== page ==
Note that there is a global shutter camera available from the RP foundation, albeit with a lower resolution than the HQ sensor. Have a look around this forum - you will find a lot of different approaches towards digitizing film, including scan results of the different approaches.


Ah awesome! Yeah peeking around the RP firmware I saw that there was no support for cropped area save the specific video mode crops they use for 1080p with binning etc. so it would require some custom code. I’m still a bit curious about the feasible rate for single line readout. The rolling shutter is per line, so it wouldn’t apply if the readout were per line. I think the main issue is that it would rely on a measurable and continuous film transport, so any irregularities in the motion of the transport would manifest as distortion on the vertical axis. In theory though the line readout could obtain higher vertical resolution.

My intended application was for ECN-2 (e.g. scanner on the end of a home continuous processor/dryer) so presumably the multiple exposure issue isn’t as important since the contrast is much lower.

@nickandre - there has been some attempts to achieve faster frame rates with various RP cameras, mostly v1 and v2 stuff. Do not use the v1 camera, as the build-in noise reduction of the v1 gives you not the best scanning results. The v2 camera is better in this respect and has a somewhat larger resolution (forgot the precise numbers).

Here’s a post by HermannSW claiming to achieve 206 fps with the v2 camera. Here’s another one from the same author quoting 120 fps for the HQ camera. Finally, here’s a post concerning the global shutter camera with 300x200@293fps. You might try a PM to HermannSW on the RP camera forum to find out whether a linescanner-like crop is feasible at all.

As remarked before, mis-using a 2D camera chip as line sensor might be quite an adventure. Surely, cropping the image area transmitted from the sensor to the RP reduces the bandwidth requirement, leading in fact (as the above posts show) to an increased fps score. Whether this is worth the trouble you might find out at the end of a journey. Which might be all the fun.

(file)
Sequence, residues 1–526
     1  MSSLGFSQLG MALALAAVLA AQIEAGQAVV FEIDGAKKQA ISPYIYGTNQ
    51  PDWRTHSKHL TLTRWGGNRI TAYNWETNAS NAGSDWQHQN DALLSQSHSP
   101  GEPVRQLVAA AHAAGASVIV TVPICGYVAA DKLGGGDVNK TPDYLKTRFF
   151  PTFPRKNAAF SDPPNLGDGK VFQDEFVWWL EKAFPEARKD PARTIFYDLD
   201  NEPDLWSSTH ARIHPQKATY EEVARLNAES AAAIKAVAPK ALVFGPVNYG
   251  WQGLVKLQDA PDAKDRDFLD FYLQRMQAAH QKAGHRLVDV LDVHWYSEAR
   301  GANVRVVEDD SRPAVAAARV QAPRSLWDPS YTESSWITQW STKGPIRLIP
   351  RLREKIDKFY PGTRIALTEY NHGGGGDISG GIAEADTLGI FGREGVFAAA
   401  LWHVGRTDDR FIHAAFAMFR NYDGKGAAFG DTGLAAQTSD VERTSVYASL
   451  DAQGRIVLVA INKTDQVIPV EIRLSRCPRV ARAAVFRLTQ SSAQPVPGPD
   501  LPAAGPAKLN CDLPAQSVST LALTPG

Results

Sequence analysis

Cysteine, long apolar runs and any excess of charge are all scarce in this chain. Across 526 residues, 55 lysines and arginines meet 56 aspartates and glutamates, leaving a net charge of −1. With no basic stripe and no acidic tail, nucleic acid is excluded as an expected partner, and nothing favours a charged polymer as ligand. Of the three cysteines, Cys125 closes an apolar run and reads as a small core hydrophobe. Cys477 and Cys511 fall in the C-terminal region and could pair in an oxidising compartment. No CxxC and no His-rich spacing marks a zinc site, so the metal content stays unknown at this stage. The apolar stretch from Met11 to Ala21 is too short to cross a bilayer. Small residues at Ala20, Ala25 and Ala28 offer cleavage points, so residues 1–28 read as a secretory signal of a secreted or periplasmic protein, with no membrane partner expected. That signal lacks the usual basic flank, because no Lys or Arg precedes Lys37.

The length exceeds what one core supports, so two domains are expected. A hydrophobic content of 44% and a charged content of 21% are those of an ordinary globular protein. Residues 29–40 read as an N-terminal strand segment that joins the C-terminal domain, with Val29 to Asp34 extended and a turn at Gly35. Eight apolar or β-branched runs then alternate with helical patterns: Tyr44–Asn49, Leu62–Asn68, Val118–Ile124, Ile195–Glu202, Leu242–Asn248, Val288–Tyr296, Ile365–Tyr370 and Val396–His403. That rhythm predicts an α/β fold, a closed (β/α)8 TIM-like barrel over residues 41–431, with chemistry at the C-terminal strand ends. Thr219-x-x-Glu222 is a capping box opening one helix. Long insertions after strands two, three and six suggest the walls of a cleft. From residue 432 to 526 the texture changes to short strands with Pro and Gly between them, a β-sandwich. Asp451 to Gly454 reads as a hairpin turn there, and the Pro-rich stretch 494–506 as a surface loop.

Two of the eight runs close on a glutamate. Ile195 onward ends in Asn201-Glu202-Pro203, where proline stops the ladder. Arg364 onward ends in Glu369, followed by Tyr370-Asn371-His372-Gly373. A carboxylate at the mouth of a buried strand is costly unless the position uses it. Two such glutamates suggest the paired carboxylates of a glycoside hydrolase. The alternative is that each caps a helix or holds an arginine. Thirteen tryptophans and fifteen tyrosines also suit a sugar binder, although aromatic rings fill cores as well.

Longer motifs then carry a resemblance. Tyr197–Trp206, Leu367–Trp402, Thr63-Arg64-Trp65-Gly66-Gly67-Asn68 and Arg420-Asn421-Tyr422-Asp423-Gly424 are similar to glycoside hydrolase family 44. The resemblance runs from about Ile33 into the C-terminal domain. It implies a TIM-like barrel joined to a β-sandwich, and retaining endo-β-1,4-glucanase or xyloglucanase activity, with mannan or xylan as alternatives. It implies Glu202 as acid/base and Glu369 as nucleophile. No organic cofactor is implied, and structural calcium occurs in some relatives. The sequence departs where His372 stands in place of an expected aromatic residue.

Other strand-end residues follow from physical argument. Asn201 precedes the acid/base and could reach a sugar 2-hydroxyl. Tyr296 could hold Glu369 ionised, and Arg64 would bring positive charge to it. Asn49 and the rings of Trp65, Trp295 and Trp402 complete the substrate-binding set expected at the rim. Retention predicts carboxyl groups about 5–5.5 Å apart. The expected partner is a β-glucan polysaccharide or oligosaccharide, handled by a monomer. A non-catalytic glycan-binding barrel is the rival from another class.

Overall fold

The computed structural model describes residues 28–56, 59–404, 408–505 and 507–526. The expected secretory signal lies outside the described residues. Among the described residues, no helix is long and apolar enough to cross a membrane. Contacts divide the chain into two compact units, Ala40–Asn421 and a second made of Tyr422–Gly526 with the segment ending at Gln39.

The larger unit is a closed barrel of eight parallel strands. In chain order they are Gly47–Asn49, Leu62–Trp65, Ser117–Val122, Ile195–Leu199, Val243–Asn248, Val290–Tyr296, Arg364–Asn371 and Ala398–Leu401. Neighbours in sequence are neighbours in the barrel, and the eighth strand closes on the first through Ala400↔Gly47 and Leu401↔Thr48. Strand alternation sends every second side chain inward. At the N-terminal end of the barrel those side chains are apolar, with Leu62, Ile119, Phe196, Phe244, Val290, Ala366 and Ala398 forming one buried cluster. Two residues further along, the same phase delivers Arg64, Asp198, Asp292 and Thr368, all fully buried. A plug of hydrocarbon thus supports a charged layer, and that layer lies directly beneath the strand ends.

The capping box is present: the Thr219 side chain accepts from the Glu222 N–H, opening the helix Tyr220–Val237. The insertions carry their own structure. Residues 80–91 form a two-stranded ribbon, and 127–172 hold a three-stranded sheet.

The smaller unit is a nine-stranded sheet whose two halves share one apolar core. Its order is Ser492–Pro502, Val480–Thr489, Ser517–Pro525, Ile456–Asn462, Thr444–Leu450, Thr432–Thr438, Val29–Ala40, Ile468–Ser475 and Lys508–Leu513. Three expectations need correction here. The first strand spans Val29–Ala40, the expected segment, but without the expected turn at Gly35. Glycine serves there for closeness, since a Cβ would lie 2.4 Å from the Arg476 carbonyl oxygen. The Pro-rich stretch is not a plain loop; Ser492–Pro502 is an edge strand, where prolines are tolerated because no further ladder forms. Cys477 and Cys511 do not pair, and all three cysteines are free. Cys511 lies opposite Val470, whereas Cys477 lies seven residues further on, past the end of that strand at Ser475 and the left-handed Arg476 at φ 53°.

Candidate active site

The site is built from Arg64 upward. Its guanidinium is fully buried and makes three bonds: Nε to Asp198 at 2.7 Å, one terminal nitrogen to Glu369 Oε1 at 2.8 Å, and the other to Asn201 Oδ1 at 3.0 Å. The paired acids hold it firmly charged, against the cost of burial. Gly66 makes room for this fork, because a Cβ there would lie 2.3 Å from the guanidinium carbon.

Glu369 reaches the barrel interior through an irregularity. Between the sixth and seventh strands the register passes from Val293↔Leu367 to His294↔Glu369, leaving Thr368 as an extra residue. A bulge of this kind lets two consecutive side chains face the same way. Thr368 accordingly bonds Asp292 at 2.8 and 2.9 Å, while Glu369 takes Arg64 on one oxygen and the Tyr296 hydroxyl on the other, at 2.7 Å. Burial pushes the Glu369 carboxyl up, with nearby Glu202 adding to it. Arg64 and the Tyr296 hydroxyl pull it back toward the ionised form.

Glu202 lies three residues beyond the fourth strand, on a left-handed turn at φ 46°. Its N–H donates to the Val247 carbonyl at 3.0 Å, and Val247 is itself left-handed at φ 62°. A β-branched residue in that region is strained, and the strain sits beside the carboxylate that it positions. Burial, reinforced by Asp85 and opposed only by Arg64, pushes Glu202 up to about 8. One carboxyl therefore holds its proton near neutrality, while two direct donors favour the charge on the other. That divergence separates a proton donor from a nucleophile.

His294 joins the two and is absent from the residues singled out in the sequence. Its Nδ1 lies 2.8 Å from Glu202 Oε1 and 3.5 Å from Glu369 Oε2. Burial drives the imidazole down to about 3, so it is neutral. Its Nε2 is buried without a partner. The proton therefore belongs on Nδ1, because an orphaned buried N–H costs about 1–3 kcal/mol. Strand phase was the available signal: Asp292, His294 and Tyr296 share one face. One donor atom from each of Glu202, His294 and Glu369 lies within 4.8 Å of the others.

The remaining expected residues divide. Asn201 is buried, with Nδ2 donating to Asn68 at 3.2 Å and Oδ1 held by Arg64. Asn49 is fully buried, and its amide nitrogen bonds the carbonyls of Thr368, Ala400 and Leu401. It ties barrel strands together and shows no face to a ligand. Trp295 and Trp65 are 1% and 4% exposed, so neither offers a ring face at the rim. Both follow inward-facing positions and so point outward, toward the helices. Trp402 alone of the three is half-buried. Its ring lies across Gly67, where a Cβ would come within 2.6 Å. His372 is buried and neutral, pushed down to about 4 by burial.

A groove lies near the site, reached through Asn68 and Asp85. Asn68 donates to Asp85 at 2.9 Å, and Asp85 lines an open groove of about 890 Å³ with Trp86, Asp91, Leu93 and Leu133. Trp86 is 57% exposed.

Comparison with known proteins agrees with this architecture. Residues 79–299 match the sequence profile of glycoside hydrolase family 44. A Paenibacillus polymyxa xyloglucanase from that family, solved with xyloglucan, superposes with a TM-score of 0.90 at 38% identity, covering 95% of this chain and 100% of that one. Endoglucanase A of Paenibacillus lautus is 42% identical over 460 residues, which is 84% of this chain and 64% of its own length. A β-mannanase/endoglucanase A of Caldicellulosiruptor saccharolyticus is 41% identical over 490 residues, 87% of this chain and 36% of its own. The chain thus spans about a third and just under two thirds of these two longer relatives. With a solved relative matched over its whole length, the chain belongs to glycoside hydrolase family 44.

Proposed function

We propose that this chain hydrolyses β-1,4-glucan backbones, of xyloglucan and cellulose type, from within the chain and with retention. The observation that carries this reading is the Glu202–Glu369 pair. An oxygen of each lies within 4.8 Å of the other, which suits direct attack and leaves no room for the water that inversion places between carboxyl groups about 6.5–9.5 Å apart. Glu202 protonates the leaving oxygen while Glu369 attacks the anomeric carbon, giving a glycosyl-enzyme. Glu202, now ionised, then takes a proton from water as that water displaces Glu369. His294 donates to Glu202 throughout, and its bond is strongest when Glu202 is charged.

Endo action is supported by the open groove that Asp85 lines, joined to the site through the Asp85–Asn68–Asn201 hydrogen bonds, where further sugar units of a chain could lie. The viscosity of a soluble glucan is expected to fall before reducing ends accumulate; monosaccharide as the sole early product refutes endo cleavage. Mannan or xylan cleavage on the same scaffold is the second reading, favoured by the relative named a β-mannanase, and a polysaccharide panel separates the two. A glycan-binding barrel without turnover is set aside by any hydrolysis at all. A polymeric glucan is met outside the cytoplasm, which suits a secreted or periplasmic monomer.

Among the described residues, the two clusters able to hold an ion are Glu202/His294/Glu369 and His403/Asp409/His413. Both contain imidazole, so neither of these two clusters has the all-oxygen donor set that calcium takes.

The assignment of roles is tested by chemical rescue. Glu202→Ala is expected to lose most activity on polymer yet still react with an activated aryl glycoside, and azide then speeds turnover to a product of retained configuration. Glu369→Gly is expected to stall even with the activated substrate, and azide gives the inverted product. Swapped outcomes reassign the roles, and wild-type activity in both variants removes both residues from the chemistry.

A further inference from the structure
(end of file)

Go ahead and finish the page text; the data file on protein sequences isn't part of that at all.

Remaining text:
I’d probably would use a fast flash freezing the continously moving film and work with normal image capture mode. The HQ camera should run fast enough for this at half of the sensors resolution - note that the image quality in this mode is somewhat reduced, compared to a scaled-down full res image (search the forum here for discussions about that – used to be Mode 2 vs Mode 3 in the old times were the ISP was Broadcom-based, not libcamera-based.)

Sprocket detection can be done (search again the forum here for that phrase) with laser sensors which can trigger both flash and camera (the HQ camera features a trigger input; some soldering required).

Yeah after due pondering during the late night hours it seems this thought experiment is quite interesting but likely there are probably better fish to fry by just stopping the transport and relying on the extant methods. I was a bit concerned since if the film is coming through a linear transport processor with remjet removal that stop/start wouldn’t be the best but I think worst case one could use two stepper motors and add some sort of tension buffer to enable the scan stage to stop.

However now that mention it, I do wonder if high speed video of the portion containing the sporcket would be helpful in lieu of an additional sensor to accurately stop the transport, i.e. to attempt to stop the transport in a similar/close pixel region each time.

I now have my HQ camera and hilarious lens contraption so I’ll do a few tests.

For general general philosiphizing allow me the thought experiment of the calculations for exposure timing for continuous transport at 2 ft/m for super 16mm film.

So I have a pi camera HQ which is 7.564 (H) x 5.476 (V) mm using a 1:2 macro lens gives 15.128mm x 10.952mm which provides a reasonable overscan for super 16 at 12.52 mm × 7.41 mm and enough to image the sprocket hole for alignment.

At a vertical length of 10.952mm and 3040px each px = 0.0053mm per px. IIRC 2 ft/m = 750ms for a full frame of 7.41mm to transit the area, so with some math I don’t recall 750ms/7.41mm*0.0053mm = 536.437 microseconds.

The minimum exposure time per this post is 28.57 microseconds per line with a total sensor readout of 571 microseconds per line, so at its fastest rate it sounds like the smearing will me less than 5% of the pixel area and the total rolling shutter effect will be approximately 1 pixel top to bottom.